Amari Refugee Camp
Football player in Al Khader Sports Club - Bethlehem, formerly on the Palestinian National Team
Date of Arrest:
Date of Birth: 14 January 1990
Place of Residence: Amari Refugee Camp, originally from Al Lid in 1948
Occupation: Football player in Al Khader Sports Club - Bethlehem, formerly on the Palestinian National Team
Marital Status: Married and a father of a 1 year old child named Adam
Education: Diploma in industrial practice from Qalandia Industrial Training Center
Date of Arrest: 18 February 2012
Place of Detention: Ramon Prison
UPDATE Mohammad Nimer was released on 20 March 2013 after completing a 14-month sentence.
At 2:00 AM on 18 February 2012, approximately 70 Israeli soldiers converged on Mohammad’s house, searching the entire premises. Mohammad was then arrested along with a group of young men from the camp, including Omar Abu Roweis, a goalkeeper in the Palestinian Olympic Team.
Mohammad was then transferred to Al Moskobiyeh Interrogation Center, where he was kept for over 30 days. After interrogation, he was transferred to Ofer prison, where he was subsequently presented with a list of charges. The court proceedings continued for several months. Finally, he was sentenced to 14 months imprisonment and a fine of 10,000 NIS, in addition to a sentence of 12 months imprisonment, suspended for 3 years.
After the sentence, Mohammad was transferred to Ramon Prison, where he remains to this day.
Mohammad was previously arrested by Israeli Occupation Forces (IOF) on 17 September 2007, and was detained until 12 April 2009. He was arrested at the Container Checkpoint near Bethlehem while on his way to participate in a football game along with his team. At that time, he was playing with Al Khader Sports Club in Bethlehem.
Mohammad was later charged and sentenced to 20 months imprisonment. During his sentence, he was transferred to a number of prisons, including HaSharon and Ofer. He was 17 years old at the time.
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Mohammad is Player Number 24
Mohammad joined Al Ama’ri Youth Center when he was 9 years old in 1999. In 2003, he was chosen to play professionally for the Palestinian National Team. A star amongst the team’s young players, he participated in international games and received many awards. He has played in Qatar, Iran, and Norway, where he received the Best Player Award.
Unfortunately, 21 months in prison without exercise negatively affected Mohammad’s health. Because his imprisonment prevented him from training, his skill and experience levels fell below par, and he had to leave the Palestinian National Team after his release. Nevertheless, he continued to play with Al Ama’ri Youth Center until the end of his contract. Afterwards, he played for a number of local teams, including Al Atari team. He also continued to play for Al Khader team, where he had previously earned the nickname “the striker.”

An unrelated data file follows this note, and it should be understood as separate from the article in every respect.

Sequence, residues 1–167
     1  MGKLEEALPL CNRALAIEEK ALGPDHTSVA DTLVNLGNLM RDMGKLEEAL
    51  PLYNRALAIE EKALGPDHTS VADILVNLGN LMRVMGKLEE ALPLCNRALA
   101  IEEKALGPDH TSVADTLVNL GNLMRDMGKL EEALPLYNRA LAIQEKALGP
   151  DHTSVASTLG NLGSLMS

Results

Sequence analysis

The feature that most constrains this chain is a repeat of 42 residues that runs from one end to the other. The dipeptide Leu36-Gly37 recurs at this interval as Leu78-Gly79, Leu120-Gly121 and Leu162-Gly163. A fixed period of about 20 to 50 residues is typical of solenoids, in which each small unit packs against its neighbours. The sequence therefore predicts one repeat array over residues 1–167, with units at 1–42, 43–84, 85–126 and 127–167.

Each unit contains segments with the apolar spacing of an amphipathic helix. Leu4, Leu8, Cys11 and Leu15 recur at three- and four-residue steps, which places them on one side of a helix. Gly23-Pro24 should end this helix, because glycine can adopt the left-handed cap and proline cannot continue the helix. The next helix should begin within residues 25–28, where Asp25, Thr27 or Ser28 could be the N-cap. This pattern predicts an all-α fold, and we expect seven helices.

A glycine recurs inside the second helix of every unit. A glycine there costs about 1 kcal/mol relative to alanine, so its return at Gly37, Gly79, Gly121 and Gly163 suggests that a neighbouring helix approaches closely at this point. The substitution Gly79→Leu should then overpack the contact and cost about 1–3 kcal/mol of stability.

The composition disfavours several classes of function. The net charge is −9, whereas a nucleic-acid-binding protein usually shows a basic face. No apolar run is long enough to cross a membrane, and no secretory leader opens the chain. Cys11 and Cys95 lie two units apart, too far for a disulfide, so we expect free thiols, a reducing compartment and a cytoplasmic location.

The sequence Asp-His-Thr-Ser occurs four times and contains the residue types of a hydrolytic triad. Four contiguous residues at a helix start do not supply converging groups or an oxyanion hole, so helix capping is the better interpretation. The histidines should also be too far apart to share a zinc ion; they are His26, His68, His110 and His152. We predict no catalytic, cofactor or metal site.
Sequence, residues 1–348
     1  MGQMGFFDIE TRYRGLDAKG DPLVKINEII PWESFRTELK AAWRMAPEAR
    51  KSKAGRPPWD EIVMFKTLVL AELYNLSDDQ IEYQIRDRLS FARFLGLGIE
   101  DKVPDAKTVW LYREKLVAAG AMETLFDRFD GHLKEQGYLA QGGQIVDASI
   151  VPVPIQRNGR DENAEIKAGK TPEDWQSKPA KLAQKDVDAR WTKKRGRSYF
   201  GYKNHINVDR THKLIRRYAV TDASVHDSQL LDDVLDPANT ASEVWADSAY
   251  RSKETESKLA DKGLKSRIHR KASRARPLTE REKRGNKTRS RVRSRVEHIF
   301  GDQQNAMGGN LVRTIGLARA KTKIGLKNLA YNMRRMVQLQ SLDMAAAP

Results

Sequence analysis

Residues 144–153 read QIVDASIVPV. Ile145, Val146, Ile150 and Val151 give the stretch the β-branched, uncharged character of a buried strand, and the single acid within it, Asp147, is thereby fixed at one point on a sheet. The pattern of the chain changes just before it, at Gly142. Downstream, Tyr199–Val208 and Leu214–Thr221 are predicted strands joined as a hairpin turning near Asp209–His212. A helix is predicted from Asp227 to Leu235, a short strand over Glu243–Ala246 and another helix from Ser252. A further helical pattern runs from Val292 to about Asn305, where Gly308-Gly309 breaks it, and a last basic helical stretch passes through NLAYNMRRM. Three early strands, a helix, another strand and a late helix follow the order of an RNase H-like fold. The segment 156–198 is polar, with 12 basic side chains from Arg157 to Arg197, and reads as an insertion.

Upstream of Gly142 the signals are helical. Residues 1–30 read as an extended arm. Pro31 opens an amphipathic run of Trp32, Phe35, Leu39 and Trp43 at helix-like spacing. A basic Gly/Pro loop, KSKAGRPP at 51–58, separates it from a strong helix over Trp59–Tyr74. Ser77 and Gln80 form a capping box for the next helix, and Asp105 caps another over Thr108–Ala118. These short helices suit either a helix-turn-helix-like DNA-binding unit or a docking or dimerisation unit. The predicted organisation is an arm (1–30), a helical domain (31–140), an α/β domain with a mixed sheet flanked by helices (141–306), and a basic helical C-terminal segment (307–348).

During his imprisonment, Mohammad continued to be an integral part of his team. Despite the fact that his access to media inside prison was limited, Mohammad celebrated each of the team’s wins, and pasted newspaper clippings with news of the team on his cell wall.
LOCAL AND INTERNATIONAL CONDEMNATION OF FOOTBALL PLAYERS’ ARREST
The arrest of Mohammad and Omar Abu Roweis was met with condemnation and disapproval from Palestinian society and many political and human rights organizations, as well as international organizations. These arrests were perceived as a direct attack on Palestinian sports.
It is worth mentioning that this was not the first time that the IOF arrested Palestinian athletes. The IOF had previously arrested martyr Zakariya Issa, who died four months after his release in 2012, as well as Mahmoud Sarsak, who was released after a 96-day hunger strike.
Mohammad’s family is very supportive of his ambitions as an athlete and has encouraged him to continue playing sports. His brother is a member of the Palestinian fencing team and participated in championships in Egypt, Qatar and Syria. He also participated in training camps in Holland and Greece, and played with a fencing team in Greece between 2004 and 2010.
Mohammad’s son is a few months old. His family was only able to visit him twice since his arrest because it is difficult for them to obtain permits to enter the 1948 Territories, where he is currently being held. This is in direct contravention of international law, specifically the Geneva Convention IV, which clearly forbids the occupying power from transferring political prisoners from the occupied territory.